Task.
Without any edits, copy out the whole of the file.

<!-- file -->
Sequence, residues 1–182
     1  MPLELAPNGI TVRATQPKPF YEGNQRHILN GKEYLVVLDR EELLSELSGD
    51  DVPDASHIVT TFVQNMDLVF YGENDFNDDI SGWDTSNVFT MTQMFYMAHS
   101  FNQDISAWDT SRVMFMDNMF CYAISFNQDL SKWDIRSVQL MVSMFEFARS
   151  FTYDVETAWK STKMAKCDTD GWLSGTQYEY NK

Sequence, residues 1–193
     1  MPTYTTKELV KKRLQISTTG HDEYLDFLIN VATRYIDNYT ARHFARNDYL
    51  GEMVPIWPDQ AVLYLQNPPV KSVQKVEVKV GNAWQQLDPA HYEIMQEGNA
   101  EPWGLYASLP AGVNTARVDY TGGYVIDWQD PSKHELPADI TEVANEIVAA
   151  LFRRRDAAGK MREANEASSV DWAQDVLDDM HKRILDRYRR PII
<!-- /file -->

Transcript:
Sequence, residues 1–182
     1  MPLELAPNGI TVRATQPKPF YEGNQRHILN GKEYLVVLDR EELLSELSGD
    51  DVPDASHIVT TFVQNMDLVF YGENDFNDDI SGWDTSNVFT MTQMFYMAHS
   101  FNQDISAWDT SRVMFMDNMF CYAISFNQDL SKWDIRSVQL MVSMFEFARS
   151  FTYDVETAWK STKMAKCDTD GWLSGTQYEY NK

Sequence, residues 1–193
     1  MPTYTTKELV KKRLQISTTG HDEYLDFLIN VATRYIDNYT ARHFARNDYL
    51  GEMVPIWPDQ AVLYLQNPPV KSVQKVEVKV GNAWQQLDPA HYEIMQEGNA
   101  EPWGLYASLP AGVNTARVDY TGGYVIDWQD PSKHELPADI TEVANEIVAA
   151  LFRRRDAAGK MREANEASSV DWAQDVLDDM HKRILDRYRR PII